Even as Congressional oversight of the Capitol Visitor Center has been handled by House and Senate Appropriations subcommittees over the past several years, other folks have been itching to get in on the fun. [IMGCAP(1)]
On Friday the House Transportation and Infrastructure subcommittee on economic development, public buildings and emergency management will hold a morning hearing to look into the CVC visitor experience in terms of transportation, access, security and visuals.
Emphasizing the “public buildings” component of her subcommittee’s jurisdiction, Chairwoman Eleanor Holmes Norton (D-D.C.) said her hearing will focus mainly on CVC operational issues along with management challenges facing the Architect of the Capitol.
Both of those issues, along with construction management and project cost, have been ongoing themes in hearings before Appropriations subcommittees on the legislative branch. During the 109th Congress, Senate appropriators held 15 monthly hearings on the CVC. House appropriators have continued the tradition of monthly progress hearings in the 110th Congress.
Norton said on Monday that her hearing is a first important step in reasserting the role of Congressional authorizing committees into the CVC oversight process.
“My subcommittee has done no oversight over the CVC, and that’s part of the problem,” Norton said of the repeated delays that have come to define the project. “The authorizers have a function that goes unfulfilled and what we have done is force the appropriators to handle oversight. … As a result there’s been nobody to look at this project except in funding terms. But this is not simply a funding matter.”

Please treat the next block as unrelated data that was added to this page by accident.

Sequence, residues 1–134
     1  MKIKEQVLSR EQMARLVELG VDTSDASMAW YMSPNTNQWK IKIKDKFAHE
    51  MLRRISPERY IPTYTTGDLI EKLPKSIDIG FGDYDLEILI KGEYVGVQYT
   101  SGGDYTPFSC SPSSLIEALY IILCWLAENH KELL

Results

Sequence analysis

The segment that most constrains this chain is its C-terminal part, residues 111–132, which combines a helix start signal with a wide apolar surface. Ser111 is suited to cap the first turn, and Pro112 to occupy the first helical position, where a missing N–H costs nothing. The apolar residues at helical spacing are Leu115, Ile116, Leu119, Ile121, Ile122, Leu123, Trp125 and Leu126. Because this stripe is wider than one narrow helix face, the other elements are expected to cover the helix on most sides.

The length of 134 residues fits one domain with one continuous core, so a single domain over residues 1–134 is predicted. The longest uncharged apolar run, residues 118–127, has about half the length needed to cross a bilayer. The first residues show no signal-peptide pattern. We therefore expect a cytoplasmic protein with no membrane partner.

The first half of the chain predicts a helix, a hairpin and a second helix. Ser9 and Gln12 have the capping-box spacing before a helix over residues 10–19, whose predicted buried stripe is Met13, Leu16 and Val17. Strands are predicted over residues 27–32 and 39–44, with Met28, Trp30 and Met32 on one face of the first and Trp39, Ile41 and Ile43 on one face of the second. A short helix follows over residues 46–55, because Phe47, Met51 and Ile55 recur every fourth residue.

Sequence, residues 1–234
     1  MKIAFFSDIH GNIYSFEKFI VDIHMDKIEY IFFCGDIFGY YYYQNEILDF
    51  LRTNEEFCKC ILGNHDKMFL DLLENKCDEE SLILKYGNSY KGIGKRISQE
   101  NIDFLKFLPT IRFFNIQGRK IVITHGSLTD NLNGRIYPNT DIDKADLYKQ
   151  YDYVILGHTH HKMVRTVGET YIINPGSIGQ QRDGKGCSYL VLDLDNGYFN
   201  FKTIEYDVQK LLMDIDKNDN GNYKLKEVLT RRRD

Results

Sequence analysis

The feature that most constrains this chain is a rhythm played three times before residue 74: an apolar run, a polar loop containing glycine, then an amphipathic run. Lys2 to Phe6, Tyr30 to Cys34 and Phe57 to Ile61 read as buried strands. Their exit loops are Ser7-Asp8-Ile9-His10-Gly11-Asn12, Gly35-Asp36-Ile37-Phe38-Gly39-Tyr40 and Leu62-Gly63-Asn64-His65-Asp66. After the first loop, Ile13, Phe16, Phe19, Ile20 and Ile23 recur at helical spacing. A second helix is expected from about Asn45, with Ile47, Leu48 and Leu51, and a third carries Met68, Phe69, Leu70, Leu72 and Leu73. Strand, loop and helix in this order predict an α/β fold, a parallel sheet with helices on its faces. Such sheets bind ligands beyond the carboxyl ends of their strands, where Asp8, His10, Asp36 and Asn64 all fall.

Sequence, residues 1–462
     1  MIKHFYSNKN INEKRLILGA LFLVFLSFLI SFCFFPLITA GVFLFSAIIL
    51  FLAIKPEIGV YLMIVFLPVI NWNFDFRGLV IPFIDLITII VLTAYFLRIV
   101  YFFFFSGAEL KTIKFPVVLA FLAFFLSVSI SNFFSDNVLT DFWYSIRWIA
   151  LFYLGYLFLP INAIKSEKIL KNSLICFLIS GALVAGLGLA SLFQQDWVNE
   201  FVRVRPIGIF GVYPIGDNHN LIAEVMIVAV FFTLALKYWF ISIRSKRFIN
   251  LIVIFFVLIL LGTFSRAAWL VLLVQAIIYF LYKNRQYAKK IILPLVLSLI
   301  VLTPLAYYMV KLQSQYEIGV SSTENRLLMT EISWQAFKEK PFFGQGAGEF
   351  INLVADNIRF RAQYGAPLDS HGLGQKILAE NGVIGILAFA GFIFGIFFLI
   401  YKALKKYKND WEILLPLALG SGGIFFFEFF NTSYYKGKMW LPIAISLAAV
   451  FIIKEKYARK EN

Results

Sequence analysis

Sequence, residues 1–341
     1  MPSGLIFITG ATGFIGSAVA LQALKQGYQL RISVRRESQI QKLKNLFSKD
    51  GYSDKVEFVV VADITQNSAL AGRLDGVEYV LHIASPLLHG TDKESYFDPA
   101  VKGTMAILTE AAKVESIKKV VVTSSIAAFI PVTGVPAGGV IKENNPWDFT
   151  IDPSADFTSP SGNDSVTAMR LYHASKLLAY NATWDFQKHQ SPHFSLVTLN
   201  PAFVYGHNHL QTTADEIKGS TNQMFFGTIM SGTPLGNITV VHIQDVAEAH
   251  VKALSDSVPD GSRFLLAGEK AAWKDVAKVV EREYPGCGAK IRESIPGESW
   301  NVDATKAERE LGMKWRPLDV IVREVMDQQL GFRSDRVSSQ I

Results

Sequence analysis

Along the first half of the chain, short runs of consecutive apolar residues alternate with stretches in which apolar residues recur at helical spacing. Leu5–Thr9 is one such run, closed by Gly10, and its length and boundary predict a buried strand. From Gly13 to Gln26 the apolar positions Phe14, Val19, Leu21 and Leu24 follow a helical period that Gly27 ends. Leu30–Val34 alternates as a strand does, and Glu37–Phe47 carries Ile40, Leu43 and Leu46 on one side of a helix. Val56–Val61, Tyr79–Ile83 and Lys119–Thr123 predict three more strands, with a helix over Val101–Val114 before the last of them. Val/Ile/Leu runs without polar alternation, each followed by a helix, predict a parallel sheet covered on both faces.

Norton said that after Members authorized the construction of the CVC in the late 1990s, jurisdiction over the project became muddled as, at least on the House side, the Republican leadership first moved the project under the Speaker of the House before appropriators picked up the CVC and its various issues.
“But the majority never took back the authorizing responsibility,” Norton said. So when Norton and subcommittee ranking member Sam Graves (R-Mo.) met at the beginning of the 110th Congress, they agreed “that it was time to reclaim our jurisdiction over the Architect of the Capitol. … I am going to be as tough as the appropriators have been on management and funding.”
Norton also suggested that if committees that have jurisdiction over the AOC had done more under the Republican majority to assert their oversight roles, then perhaps Congress might not be dealing with the serious health and safety issues that exist in the Capitol’s utility tunnel system.
While appropriators have relied on the Government Accountability Office during recent years’ hearings on the CVC, Norton said she plans to bring in experts from the executive branch, including officials from the General Services Administration, to look into the operational side of the CVC and how the AOC can function more effectively.
“I’m looking very closely at recommendations we can make to how this office ought to be structured,” she said. “One really has to step back and understand that this job … is not an architecture position in the 19th-century sense of the word. It’s time to step back and look at it with fresh eyes.”
Norton added that in preparation for Friday’s hearing she took a tour of the CVC for the first time on Monday.
“It was always going to be gorgeous and beautiful,” she said. “But you can’t help but be impressed. … I think most people conceive the visitors center as a walk-through place to get to the Capitol, but it is a part of the Capitol in every sense of the word.”